South West or Tex Mex Egg Rolls are featured appetizers at many well known restaurant chains. It’s one of my favorites at Chili’s and Cheesecake Factory where I order them all every time we choose to dine at one of them. I know they’re considered appetizers but most of the time I order them as my main course, that way I get a whole plate of them to myself!
I’ve actually seen them frozen and ready to fry at several grocery stores. They’re marketed as the “original” Chili’s or Cheesecake Factory Egg Rolls. They also carry a hefty price tag which I’m not willing to pay for something I still have to fry!
But I can definitely make these yummy crunchy rolls of Tex Mex goodness at home. It’s super easy! I usually make a big batch and freeze some for later, they freeze very well.
Now there are 2 versions of this Egg Roll, one uses actual Egg Roll wrapper usually found at any Asian Market, and the other rolls the filling in flour tortillas. The former makes for a delicate crispy egg roll as the wrapper is a thin pastry just like the egg rolls you’ll find at most Asian restaurants. The latter has a different look and crunch as the tortilla is a much thicker wrapper. Either way they’re delicious!
I use the frozen grilled chicken strips to make my egg rolls, but you can make your one cooked chicken to use in this recipe. This recipe makes a large pot, whatever I don’t roll into egg rolls I make into bowls by serving it over a bowl of Mexican Rice and Refried Beans.
To freeze roll the filling in egg roll wrapper or tortillas and place in freezer bags. Label and freeze for up to 3 months.
These egg rolls are delicious dipped in a Creamy Avocado Sauce or topped with Pico De Gallo. The recipe for the sauce is included at the bottom of the egg roll recipe.
South West Egg Rolls
1 Tsp. Olive Oil
1 Pkg. Frozen Grilled Chicken Strips, thawed and diced
1/2 Onion, diced
2 Tbs. Minced Garlic
1 Green Bell Pepper, diced
1 Tomato, diced and patted dry with paper towel.
1 Can Black Beans, drained
1 Can Corn Kernels, drained
1 – 2 Tbs. Cumin, adjust to taste
1 – 2 Tbs. Chili Powder, adjust to taste
1 Tbs. Salt
1 Bunch Fresh Cilantro, coarsely chopped
1 Cup Shredded Cheddar/Jack Cheese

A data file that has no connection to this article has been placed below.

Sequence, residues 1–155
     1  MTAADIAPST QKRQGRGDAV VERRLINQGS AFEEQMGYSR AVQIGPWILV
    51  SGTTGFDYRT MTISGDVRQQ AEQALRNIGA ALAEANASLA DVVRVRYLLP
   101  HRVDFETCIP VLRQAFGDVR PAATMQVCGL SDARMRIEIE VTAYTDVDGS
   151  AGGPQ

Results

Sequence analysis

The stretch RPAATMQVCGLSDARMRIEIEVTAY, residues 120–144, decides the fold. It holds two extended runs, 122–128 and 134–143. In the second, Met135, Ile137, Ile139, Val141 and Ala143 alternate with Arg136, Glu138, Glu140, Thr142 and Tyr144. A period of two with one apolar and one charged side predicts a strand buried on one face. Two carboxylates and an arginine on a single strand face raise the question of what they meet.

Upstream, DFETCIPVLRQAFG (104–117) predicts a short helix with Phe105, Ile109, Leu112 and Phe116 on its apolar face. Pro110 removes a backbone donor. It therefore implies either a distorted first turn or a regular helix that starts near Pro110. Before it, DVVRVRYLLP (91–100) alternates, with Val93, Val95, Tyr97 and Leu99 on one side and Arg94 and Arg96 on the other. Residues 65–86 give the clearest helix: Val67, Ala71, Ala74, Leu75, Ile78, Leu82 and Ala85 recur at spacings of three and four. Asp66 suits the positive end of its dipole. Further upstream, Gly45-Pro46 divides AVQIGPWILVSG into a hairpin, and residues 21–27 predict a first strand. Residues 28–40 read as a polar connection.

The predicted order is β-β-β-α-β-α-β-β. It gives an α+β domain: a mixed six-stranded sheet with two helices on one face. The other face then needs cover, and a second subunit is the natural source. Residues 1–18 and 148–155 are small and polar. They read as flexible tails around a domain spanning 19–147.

1 Pkg. Frozen Egg Roll Wrappers or 8″ Flour Tortillas
Oil for frying
Heat Olive Oil in large pan.
Saute onions about 1 minute or until they start to turn translucent.
Add garlic and continue to saute.
Add peppers and cook until peppers start to get a bit soft.
Add Chicken, beans, and corn.
Add in Cumin, Chili Powder, and Salt. Mix until well combined.
Add Tomatoes and cook until any liquid in the pan starts to thicken.
Add Cilantro and cook until it starts to wilt.
Remove from heat and stir in cheese until it melts.
Set aside and prepare your wrappers.
Place a heaping tablespoon in the center of your wrapper and spread into a line across.
Roll the filling in the wrapper burrito style.
Heat about 2″ of oil in a frying pan or use a deep fryer if you have one.
Fry rolls in oil until golden brown.
Cut each roll in half diagonally and serve hot with Avocado Dipping Sauce.
Creamy Avocado Dipping Sauce
1 Cup Whipped Cream Cheese
1/2 Cup Sour Cream
1 Bunch Fresh Cilantro finely chopped
1 Ripe Avocado mashed
1/2 Tsp. Garlic Powder
1/4 Tsp. Chili Powder
Mix all ingredients together and refrigerate until ready to serve.
Italy may have their Eggplant Parmesan but the Philippines has their Tortang Talong or Eggplant Omelette. The word “torta” has many meanings in the Latin based language. In Italy and other countries whose language is rooted in latin it usually means cake or pie. In Mexico it refers to a sandwhich. In Spain it can mean either a cake or an omelette.
The Philippines was under Spanish rule for about 500 years. Much of its language, customs, and cuisine is adapted from the Spanish culture. Hence many favorite Filipino dishes include Arroz Valenciana or Paella, Arroz Caldo, Pastel de Lengua, Menudo, Chorizo, and Torta, just to name a few.
The word “tortang” is derived from the Spanish word “Torta”. In the Philippines when they refer to something as “tortang” it means that it is made like a torta, which in this case mean omelette. So Tortang Talong means Eggplant Omelette since Talong is the Filipino name for Eggplant.